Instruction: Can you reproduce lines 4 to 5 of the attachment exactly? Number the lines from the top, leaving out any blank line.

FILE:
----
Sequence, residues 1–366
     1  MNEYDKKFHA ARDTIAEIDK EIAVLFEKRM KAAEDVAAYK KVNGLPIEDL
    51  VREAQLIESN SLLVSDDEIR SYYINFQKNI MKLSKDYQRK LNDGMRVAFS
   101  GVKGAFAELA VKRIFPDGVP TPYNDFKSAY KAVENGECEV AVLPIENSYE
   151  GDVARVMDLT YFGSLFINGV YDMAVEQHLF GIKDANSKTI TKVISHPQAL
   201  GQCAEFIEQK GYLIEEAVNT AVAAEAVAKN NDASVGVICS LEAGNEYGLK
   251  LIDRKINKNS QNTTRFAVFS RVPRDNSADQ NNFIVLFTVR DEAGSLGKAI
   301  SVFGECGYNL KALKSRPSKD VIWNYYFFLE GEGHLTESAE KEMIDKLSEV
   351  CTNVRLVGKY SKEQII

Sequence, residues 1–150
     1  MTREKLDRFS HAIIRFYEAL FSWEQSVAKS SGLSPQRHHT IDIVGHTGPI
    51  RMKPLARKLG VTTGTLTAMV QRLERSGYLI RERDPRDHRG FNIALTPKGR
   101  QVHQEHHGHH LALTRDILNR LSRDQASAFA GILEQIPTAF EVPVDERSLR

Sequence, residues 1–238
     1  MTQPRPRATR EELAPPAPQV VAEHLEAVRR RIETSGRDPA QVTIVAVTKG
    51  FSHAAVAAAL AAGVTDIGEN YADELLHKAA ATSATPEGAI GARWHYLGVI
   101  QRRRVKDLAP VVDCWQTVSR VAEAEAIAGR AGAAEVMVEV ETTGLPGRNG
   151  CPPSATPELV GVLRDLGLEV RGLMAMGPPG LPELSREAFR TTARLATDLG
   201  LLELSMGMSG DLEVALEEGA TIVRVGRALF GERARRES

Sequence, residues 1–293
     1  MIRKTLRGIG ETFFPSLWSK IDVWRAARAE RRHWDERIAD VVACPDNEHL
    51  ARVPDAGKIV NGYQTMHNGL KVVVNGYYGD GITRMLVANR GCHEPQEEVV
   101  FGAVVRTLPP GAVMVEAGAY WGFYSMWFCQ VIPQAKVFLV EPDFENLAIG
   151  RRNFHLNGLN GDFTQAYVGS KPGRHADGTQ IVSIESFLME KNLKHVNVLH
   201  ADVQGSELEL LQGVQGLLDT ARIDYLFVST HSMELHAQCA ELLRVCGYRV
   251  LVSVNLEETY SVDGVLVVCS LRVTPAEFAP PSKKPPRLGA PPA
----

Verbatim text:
   101  GVKGAFAELA VKRIFPDGVP TPYNDFKSAY KAVENGECEV AVLPIENSYE
   151  GDVARVMDLT YFGSLFINGV YDMAVEQHLF GIKDANSKTI TKVISHPQAL